“Let food be thy medicine”

It used to be one of my favorite dietitian sayings. When I first started to blog I almost used it as my tagline -how cliché! I loved the idea that food could be more healing than any medicine. I still believe in it! But now, with more experience, I see that even food has side effects.

For years and years, I struggled with anxiety (something Kara and I have had quite a few wine fueled conversations about!). We’ve both kept it under control with self care, yoga/meditation, and treating ourselves with a hefty dose of self compassion. And yes, nourishing our bodies well has been a big part of it too.

I was struggling the most around the same time that health food blogs started to take off. I read all these stories of people curing themselves of illness through diet and were now living this perfect, happy life in their perfect, bright white, sunlit home (with a single bright Turkish rug for accent, of course). Maybe I could play around with my diet and see if it would help my anxiety? And perhaps my crappy two bedroom apartment with linoleum countertops would turn into a spacious minimalist loft in the city as a bonus…maybe?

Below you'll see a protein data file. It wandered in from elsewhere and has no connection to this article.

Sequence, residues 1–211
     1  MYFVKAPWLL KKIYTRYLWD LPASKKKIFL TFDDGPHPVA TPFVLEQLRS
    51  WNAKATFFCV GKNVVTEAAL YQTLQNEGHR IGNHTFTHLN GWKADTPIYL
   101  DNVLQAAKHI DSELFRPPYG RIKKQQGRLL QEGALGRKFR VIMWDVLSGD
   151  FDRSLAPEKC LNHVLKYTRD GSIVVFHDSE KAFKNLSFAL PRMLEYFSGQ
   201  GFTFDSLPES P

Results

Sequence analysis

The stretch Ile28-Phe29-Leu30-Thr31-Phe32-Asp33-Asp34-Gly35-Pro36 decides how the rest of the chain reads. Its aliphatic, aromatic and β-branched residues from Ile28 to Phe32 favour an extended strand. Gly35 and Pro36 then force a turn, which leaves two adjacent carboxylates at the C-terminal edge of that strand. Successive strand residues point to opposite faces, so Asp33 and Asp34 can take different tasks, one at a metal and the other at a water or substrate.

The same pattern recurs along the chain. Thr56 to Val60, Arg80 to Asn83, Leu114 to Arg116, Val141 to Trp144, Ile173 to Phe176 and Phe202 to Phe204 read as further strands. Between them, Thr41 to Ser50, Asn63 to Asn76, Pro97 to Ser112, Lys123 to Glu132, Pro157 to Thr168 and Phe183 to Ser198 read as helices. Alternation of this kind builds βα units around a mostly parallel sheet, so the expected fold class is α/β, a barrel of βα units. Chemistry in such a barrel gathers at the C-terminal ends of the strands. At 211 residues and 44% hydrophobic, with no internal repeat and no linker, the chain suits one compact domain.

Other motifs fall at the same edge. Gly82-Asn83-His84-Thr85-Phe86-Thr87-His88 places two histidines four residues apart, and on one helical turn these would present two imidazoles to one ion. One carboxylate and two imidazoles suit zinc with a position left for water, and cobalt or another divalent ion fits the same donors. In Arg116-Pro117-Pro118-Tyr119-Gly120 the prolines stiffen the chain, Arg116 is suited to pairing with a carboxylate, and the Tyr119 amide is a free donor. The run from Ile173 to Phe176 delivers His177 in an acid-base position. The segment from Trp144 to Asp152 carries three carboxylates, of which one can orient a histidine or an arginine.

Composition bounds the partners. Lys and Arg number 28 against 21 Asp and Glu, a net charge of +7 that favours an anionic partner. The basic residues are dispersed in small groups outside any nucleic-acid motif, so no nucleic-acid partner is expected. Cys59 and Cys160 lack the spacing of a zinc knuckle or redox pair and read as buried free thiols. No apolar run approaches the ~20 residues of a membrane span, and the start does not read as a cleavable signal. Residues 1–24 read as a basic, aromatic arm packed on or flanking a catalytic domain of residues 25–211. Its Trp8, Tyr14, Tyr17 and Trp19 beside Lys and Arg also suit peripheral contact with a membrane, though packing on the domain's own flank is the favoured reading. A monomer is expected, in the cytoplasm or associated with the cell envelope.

I tried eating clean. Didn’t work. I tried gluten free. Didn’t work. I tried vegan. Didn’t work. I tried cutting back on sugar. Yep, you guessed it. Didn’t work.

(As a side note, trying to eat clean made me binge on fast food and boxed mac and cheese, trying to eat gluten free resulted in the destruction of quite a few loaves of grocery store baguettes, going vegan just fueled my obsession with cheese, and cutting back on sugar turned me into a miserable human being. Contrary to popular belief, this dietitian is really bad at dieting…which is actually a good thing!)